WOMEN IN THE WORKPLACE: Facing Patriarchy Head On

Let’s just say it - getting fired is a swift, hard kick to your... ego (no matter how much you disliked the job). When I was “terminated” from a role at a non-profit because of personality differences between me and the founder, I found myself questioning my worth, ability, skills, but mostly, my personality and how others perceived me.

Though I was committed to seeing my work through, even despite the personality contrasts and the daily barrage of poorly executed management, I was willing to roll up my sleeves and work. That was until I was told my tone was “too strong” or that when I attempted to take leadership I wasn’t acting “collaboratively.”

Being a strong female is a challenge. Full stop. From challenges in dating people who don’t value and are intimidated by being a self-assured, independent, and assertive female, to workplaces where putting your head down is expected and normalized - these are real factors of being a driven female in our society. (note: I know that my white privilege has allowed me into more spaces than I can count - but being a strong and highly skilled woman in those spaces remains a hurdle).

“While male leaders are allowed to have complex personalities, powerful women are often summed up by hackneyed stereotypes that undermine them and their power.” -Jenna Goudreau, Forbes

The ingrained stereotypes and implicit bias associated with women in the workforce is a salient and relevant issue. Just today, Google, one of the more “progressive” companies, was slammed with gender discrimination lawsuits by three former female employees. And not to forget the infamous memo which blatantly discriminated people of color and women.

The subtle (and not so subtle) sexism in the American workplace is embedded in our daily lives and will not disappear until we confront the root cause - patriarchy. Our society continues to adhere to patriarchal standards that accept power by domination and the submission of those willing to provoke. We continue to subjugate feminine qualities and diminish any individual who deviates from the fabricated gender “norms”.

So when I was let go for being outspoken and questioning when I felt accountability was lacking, I found myself at odds - should I have kept my mouth shut? Should I have said “yes, sir” and followed the pack? Should I have been more soft?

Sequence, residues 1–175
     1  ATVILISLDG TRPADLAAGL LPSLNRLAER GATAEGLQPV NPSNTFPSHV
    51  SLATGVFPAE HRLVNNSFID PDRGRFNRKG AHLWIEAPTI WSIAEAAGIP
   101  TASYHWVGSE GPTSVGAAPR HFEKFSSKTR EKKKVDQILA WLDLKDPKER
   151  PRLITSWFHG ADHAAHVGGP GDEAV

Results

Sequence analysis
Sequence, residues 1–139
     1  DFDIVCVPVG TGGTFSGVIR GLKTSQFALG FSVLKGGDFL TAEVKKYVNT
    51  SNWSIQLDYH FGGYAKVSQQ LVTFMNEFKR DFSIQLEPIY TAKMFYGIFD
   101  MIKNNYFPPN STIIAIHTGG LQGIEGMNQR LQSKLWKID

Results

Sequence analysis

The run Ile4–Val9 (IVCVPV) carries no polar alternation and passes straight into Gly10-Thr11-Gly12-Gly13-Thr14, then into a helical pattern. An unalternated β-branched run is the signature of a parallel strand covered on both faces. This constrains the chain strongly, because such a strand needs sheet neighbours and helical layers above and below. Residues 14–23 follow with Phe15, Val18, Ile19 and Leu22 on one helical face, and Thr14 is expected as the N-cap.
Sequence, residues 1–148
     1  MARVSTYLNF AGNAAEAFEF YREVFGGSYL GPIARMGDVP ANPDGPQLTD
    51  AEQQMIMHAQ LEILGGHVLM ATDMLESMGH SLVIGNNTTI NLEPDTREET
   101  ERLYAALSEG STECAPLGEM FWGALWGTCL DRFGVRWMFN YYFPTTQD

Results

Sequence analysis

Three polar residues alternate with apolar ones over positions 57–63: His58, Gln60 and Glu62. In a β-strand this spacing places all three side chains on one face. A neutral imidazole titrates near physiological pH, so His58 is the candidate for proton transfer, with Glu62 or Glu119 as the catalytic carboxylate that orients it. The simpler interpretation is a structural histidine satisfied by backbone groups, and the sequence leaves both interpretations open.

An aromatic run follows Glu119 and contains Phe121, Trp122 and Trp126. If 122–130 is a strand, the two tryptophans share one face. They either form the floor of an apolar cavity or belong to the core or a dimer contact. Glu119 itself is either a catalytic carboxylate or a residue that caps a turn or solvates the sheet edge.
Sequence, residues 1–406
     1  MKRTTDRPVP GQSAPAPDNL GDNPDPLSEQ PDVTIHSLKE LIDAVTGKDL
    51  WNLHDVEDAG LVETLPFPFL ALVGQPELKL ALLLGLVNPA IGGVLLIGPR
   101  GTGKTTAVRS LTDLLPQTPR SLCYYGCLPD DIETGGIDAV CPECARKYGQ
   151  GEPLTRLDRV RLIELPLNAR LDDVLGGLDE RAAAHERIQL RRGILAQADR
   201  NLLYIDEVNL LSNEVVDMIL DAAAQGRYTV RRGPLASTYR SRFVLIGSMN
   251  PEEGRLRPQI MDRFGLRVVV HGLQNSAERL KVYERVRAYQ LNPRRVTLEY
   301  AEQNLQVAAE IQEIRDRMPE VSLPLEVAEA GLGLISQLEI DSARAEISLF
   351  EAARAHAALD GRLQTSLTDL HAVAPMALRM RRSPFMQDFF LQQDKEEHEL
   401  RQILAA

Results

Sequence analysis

After a couple of days of sulking, I shook off the resentment and started something I’ve always thought about doing but never felt empowered enough to do - I started my own business.

Noticed is a boutique communications and strategy firm helping change-makers achieve their goals through messaging, content, and branding. Since I launched the firm at the beginning of August, I have grown from one client to nearly ten, a blessing that is encouraging me every day.

At this point - I figure that the only way to break-free from the gender stereotypes (at least as much as possible), is to be my own boss and to only work with those who are inspired and driven by my ferocity.

Noticed wouldn’t have happened if I hadn’t been a strong and determined woman, ready and willing to put it all on the line. To refuse to be a subordinate in an environment where my critical-thinking and willingness to ask the tough questions was seen as abrasive and unwelcome.

Each day I remind myself that the change must start within.

To all the working women out there - you are not too strong, you are not inconsiderate or required to be soft and submissive. And if you are working for someone who expects that from you I implore you to rise up, take a leap and forge your own path. I’ll be right next you the whole way.

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